Sep. 5, 2001 COLUMBUS, Ohio - While a cleaner Lake Erie is seen mostly as good news, it may lead to trade-offs in desirable fish species, a new study suggests.
Historically important sport and commercial fish in the lake - such as smallmouth bass - have increased with the decrease of phosphorus coming into the lake. But other fish species, such as walleye, have begun to decline.
"There are trade-offs to Lake Erie becoming cleaner," said Roy Stein, a study co-author and director of Ohio State University's Aquatic Ecology Lab. According to 1997 figures, Lake Erie's sport fishing industry averaged an annual $243 million.
"We need to decide whether to manage for continued ecosystem rehabilitation or for the success of only a few economically important species," said Stein, who is also a professor in the department of evolution, ecology and organismal biology at Ohio State.
The research appears in a recent issue of the journal Ecological Applications.
The scientists looked at 28 years' worth of water quality and fish community data gathered from two distinct areas of Lake Erie - the warm, shallow west basin and the cooler, deeper central basin. The Ohio Department of Natural Resources-Division of Wildlife collected the data from 1969 to 1996.
Reductions in phosphorus pollution led to the loss of one-quarter of the total number of fish species in the west basin (from nearly 20 to about 15), while diversity increased by one-quarter in the central basin (from less than 12 species to nearly 15.) Data from the east basin, the coolest and deepest part of the lake, wasn't available.
Phosphorus is a byproduct of municipal and industrial wastewater plants and from fertilizer use on agricultural lands. Too much phosphorus in a body of water can lead to eutrophication - a condition in which algae thrive and use much of the available oxygen near the bottom of the lake. This can, in turn, harm fish intolerant of low oxygen levels, such as smallmouth bass and lake whitefish.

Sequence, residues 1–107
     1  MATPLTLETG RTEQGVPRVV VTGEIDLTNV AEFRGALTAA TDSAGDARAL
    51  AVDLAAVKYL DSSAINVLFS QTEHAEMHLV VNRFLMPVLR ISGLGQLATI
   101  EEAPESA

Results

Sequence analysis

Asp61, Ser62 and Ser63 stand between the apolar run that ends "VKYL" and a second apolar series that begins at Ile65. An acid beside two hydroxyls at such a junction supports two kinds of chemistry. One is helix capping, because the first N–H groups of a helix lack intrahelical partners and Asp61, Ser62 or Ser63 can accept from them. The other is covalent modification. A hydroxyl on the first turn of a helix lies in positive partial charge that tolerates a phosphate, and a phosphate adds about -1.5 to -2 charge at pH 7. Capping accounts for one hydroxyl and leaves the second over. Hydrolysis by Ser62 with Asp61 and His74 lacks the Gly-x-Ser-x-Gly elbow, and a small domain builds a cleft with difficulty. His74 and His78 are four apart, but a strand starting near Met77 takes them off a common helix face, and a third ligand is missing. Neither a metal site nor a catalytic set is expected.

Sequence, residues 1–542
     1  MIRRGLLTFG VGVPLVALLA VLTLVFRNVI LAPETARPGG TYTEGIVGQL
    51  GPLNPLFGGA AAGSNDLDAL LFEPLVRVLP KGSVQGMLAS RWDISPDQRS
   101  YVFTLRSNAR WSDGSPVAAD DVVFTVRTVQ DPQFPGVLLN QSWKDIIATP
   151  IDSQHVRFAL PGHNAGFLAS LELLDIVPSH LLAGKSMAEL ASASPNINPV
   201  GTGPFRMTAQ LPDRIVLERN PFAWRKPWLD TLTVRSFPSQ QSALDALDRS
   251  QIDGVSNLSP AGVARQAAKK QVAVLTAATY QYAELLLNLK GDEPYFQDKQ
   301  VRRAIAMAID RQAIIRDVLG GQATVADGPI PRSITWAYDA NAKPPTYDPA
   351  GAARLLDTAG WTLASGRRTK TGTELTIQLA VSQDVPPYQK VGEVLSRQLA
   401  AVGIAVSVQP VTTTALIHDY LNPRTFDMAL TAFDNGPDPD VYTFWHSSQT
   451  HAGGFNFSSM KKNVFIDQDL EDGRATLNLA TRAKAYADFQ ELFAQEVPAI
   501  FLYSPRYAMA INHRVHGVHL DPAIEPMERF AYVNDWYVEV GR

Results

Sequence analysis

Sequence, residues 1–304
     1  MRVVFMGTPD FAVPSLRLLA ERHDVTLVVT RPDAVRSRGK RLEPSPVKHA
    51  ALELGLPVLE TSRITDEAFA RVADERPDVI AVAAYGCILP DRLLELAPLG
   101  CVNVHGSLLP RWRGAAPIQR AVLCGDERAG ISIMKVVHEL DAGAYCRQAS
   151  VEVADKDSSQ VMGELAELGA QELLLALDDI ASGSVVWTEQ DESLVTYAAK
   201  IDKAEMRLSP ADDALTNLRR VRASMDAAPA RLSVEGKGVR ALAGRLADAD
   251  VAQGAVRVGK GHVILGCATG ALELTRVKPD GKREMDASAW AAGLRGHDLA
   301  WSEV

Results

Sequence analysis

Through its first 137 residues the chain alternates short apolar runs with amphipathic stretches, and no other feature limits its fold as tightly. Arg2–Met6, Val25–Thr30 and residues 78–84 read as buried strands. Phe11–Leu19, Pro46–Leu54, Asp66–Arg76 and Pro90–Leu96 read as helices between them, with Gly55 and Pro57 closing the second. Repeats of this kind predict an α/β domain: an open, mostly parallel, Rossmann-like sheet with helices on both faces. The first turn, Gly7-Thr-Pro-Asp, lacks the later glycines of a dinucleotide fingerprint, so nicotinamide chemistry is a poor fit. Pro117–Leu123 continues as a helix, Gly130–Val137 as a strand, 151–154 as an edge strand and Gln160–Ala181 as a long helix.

In the last 30 years, clean water initiatives to reduce the amount of phosphorus flowing into Lake Erie have been successful, Stein said, creating cleaner, oxygen-rich water.
"We know the effects of increased phosphorus in a body of water," he said. "But we're just starting to learn what happens to fish in a lake when phosphorus levels are reduced."
The researchers looked at 18 key fish they called "signal species" - species captured at least four years out of the 28-year data set. None of the signal species served as walleye prey, since predators can drive shifts in prey abundance. Walleye is the lake's top predator.
Signal species varied in their ability to tolerate eutrophic conditions: Tolerant species included black crappie, channel catfish and common carp; intolerant species included smallmouth bass, lake whitefish and minnows.
The researchers used the abundance of signal species throughout the years to better understand how fish communities in Lake Erie responded to changes in phosphorus levels.
The number of species intolerant to eutrophication increased in both basins (from one to more than four in the central basin, and two to four in the west basin.) The levels of tolerant species declined in the west basin (from 11 to less than six) and remained the same in the central basin (about six).
"Species diversity typically increases with a decline in lake pollution," Stein said. "But in the west basin, that diversity reached a peak with moderate levels of phosphorus, and declined as phosphorus decreased. Even so, these changes are positive signs of ecosystem recovery."
Sport and commercial fishermen are most concerned about the livelihood of intolerant species. Walleye and smallmouth bass are two of the most economically important species in Lake Erie, but each prefers slightly different conditions, Stein said.
"Whether a cleaner lake is good or bad depends on your perspective," Stein said. "We're pushing the system to be as clean as possible, and walleye like moderate levels of phosphorus in their habitat. So we've seen a decline in walleye in the west basin. On the other hand, smallmouth and rock bass are increasing in the lake.
"As these systems continue to improve in water quality and clarity, we will likely see corresponding changes in the fish community," Stein said.
The U.S. Fish and Wildlife Service and the Ohio Department of Natural Resources-Division of Wildlife supported this work.
Stein co-authored the study with Stuart Ludsin of the University of Windsor; Mark Kershner of Kent State University; Karen Blocksom of the U.S. EPA in Cincinnati; and Roger Knight of ODNR-DOW.
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